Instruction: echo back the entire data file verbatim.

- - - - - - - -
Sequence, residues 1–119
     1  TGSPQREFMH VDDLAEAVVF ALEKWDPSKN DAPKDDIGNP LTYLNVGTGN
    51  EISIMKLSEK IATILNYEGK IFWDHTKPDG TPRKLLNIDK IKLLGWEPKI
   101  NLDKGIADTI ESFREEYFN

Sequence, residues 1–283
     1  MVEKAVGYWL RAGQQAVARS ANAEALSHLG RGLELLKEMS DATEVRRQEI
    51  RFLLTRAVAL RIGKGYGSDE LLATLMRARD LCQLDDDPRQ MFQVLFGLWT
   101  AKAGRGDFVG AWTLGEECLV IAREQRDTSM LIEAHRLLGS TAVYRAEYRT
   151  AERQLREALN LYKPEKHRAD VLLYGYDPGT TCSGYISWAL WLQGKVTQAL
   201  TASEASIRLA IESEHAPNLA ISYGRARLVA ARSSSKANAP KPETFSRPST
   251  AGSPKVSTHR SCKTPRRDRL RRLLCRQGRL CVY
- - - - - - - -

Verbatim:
Sequence, residues 1–119
     1  TGSPQREFMH VDDLAEAVVF ALEKWDPSKN DAPKDDIGNP LTYLNVGTGN
    51  EISIMKLSEK IATILNYEGK IFWDHTKPDG TPRKLLNIDK IKLLGWEPKI
   101  NLDKGIADTI ESFREEYFN

Sequence, residues 1–283
     1  MVEKAVGYWL RAGQQAVARS ANAEALSHLG RGLELLKEMS DATEVRRQEI
    51  RFLLTRAVAL RIGKGYGSDE LLATLMRARD LCQLDDDPRQ MFQVLFGLWT
   101  AKAGRGDFVG AWTLGEECLV IAREQRDTSM LIEAHRLLGS TAVYRAEYRT
   151  AERQLREALN LYKPEKHRAD VLLYGYDPGT TCSGYISWAL WLQGKVTQAL
   201  TASEASIRLA IESEHAPNLA ISYGRARLVA ARSSSKANAP KPETFSRPST
   251  AGSPKVSTHR SCKTPRRDRL RRLLCRQGRL CVY